The Gathering (1977)
A crusty businessman, facing his last Christmas, makes an eleventh hour attempt to pull together the family which he shattered by allowing them to become second to his work and which he left years earlier. The Emmy-winner as Outstanding Special of 1977-78.
*Not out on DVD yet.
In The Good Old Summertime
Musical remake of "Shop Around the Corner" involving two feuding store employees who are unknowingly engaged in a romantic relationship as anonymous pen pals.
(Movies like this: Shop Around the Corner, You've Go Mail, It Happened on 5th Avenue)
All Mine to Give
This DVD's cover art, which is original to the movie's release over fifty years ago, has a tagline that reads: "Six kids on a true and wonderful adventure!" This is one of the most misleading teasers in cinematic public relations history. It has the reader imagining a sextuplet of young ones perhaps sledding on particularly icy mountains or facing down some Scrooge-like, anti-Christmas archnemesis. In fact, it's about children losing both parents to highly contagious diseases and having their family rent permanently asunder.
This tale is based on a true-life story set in Wisconsin. Robert and Mamie Eunson (Cameron Mitchell and Glynis Johns) are Scots who have just landed in America (the year is 1856), having been invited there by Mamie's uncle. They arrive in the tiny logging village of Eureka, only to be informed that both uncle and his cabin have been incinerated in a house fire. The Eunsons are assisted by the friendly locals in reconstructing the house and Robert takes to tipping timber. It should be noted Mamie is heavily pregnant upon their reaching Eureka; she delivers baby Robbie soon after the cabin is completed. Robert eventually starts a successful boat building business and Mamie gives birth to five more children: Jimmy, Kirk, Annabelle, Elizabeth, and Jane. The Eunsons are prospering and happy--until little Kirk is diagnosed with diptheria. Mamie and Kirk are quarantined while Robert takes the other children away. The boy recovers, but the goodbye kiss he gave Dadda before his departure proves fatal, and Mr. Eunson succumbs.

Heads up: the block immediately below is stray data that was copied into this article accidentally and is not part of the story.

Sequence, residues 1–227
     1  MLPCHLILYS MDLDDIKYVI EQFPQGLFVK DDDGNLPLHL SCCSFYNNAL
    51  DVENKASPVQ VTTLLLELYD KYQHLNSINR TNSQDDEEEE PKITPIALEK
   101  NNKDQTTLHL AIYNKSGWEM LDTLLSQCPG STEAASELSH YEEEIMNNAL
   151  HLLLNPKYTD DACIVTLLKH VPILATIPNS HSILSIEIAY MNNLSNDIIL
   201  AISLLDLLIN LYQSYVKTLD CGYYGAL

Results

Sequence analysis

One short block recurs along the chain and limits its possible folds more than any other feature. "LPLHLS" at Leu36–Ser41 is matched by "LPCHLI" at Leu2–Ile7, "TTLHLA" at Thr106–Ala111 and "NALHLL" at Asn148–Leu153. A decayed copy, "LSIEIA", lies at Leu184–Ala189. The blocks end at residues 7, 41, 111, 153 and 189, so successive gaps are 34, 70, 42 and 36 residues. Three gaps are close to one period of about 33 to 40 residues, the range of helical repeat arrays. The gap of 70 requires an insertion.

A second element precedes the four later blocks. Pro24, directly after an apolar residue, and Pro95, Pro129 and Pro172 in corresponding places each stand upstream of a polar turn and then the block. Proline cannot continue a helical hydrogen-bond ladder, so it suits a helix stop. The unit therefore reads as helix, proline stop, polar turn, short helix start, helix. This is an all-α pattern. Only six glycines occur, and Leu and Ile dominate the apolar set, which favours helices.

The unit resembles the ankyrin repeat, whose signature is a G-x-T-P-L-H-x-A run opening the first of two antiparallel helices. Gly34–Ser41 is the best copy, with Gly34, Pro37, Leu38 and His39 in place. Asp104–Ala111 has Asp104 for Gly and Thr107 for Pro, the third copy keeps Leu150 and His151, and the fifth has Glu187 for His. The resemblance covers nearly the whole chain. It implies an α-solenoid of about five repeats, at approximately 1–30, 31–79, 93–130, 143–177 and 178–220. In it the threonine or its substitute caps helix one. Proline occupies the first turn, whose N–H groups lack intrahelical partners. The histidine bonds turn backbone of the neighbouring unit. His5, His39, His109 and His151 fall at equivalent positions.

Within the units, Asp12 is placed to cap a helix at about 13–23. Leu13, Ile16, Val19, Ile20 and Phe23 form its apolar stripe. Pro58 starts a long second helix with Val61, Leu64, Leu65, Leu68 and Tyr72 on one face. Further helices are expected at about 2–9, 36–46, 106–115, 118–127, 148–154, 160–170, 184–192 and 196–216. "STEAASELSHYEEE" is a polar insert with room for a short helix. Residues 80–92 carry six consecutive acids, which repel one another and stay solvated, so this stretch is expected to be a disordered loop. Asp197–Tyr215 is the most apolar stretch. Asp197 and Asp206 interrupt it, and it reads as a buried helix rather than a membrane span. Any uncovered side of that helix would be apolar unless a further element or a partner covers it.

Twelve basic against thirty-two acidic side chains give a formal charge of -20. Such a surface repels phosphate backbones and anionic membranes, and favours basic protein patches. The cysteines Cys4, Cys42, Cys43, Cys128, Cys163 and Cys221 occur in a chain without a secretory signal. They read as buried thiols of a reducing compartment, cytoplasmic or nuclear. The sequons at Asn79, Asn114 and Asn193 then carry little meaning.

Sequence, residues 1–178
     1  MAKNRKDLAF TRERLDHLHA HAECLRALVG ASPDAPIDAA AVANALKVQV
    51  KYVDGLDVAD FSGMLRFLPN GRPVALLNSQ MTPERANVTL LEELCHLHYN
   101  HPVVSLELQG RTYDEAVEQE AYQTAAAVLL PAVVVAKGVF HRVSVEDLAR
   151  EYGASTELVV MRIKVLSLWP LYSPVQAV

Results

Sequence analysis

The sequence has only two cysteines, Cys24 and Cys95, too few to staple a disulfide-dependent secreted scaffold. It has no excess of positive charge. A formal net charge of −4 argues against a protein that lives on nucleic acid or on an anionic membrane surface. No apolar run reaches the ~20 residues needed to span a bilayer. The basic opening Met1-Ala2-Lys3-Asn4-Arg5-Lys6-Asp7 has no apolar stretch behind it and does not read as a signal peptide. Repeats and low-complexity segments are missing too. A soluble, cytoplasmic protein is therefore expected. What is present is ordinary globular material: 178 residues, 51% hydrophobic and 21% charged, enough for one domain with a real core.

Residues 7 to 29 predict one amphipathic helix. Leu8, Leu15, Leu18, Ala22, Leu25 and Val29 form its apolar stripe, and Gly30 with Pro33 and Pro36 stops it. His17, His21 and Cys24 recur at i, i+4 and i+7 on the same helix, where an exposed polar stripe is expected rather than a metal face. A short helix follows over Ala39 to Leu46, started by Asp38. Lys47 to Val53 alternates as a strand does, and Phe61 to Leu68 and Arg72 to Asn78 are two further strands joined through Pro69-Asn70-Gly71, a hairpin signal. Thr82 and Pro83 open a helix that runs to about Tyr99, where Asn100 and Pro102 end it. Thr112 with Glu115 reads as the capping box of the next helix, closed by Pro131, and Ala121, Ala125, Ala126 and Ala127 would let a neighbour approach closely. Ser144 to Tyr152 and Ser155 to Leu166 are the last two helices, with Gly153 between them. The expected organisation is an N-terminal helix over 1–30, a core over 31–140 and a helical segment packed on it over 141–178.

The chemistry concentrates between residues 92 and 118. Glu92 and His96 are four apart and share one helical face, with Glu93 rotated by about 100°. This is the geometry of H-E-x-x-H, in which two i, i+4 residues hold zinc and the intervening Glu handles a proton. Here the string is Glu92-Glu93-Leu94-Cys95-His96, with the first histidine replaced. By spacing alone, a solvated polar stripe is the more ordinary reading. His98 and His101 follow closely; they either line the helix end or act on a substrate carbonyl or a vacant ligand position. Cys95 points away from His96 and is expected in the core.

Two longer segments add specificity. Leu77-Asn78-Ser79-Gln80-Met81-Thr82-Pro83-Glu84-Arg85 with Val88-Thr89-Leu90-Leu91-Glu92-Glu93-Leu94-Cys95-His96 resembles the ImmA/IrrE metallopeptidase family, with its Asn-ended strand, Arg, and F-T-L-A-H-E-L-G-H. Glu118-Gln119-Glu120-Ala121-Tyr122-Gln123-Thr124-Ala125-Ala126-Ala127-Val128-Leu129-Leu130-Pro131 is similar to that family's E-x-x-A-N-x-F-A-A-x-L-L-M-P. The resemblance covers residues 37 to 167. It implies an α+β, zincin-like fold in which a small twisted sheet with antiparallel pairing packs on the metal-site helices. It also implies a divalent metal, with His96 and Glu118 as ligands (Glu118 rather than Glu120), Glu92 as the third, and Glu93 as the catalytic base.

Mamie takes to working as a seamstress and Robbie becomes the man of the house. Things stabilize, but only briefly: tired and work-worn, Mamie contracts typhoid. Knowing she won't survive, she charges her eldest with finding good homes for his siblings. After her death, Robbie does exactly that, dispatching his brothers and sisters to kindly townsfolk. Stoic and resigned during the process, he does break down when he's alone and sees the tree outside the homestead where his father had carved the names of the children into the bark. Baby Jane is the last to be handed over--Robbie stands at the door of a house and asks the woman who answers, "Will you take my sister, ma'am?" Pathos, lachrymose, mourning, and gloom! (It reminds me that in Great Britain, this movie was released under the title The Day They Gave Babies Away...*gulp*!)
He then turns and trudges, solitary and struggling, up a hill in a snowstorm. You may ask, "What does this horribly sad tale have to do with Christmas?" Robbie is breaking up the clan on Christmas Eve, wisely thinking people are more likely to accept taking in an orphan while filled with the holiday spirit.
Thank you M. Thomas from Amazon for this very indepth synopsis.
A Holiday for Love
Warm holiday drama in which an executive forced to cut the jobs of many people working at a small-town tractor factory gets a big surprise when he's mistaken as the savior of the local economy.
Holiday Affair (remake of 1949 movie)
Story of a young single mom and her son. She's having a hard time getting over the death of her husband and has been dating a young attorney. She meets another young man who sells her a toy train for use in her job but her son thinks it's for him for Christmas.
Thank you Family Man from Amazon for the synopsis.
Said not to be on par with the original starring Robert Mitchum.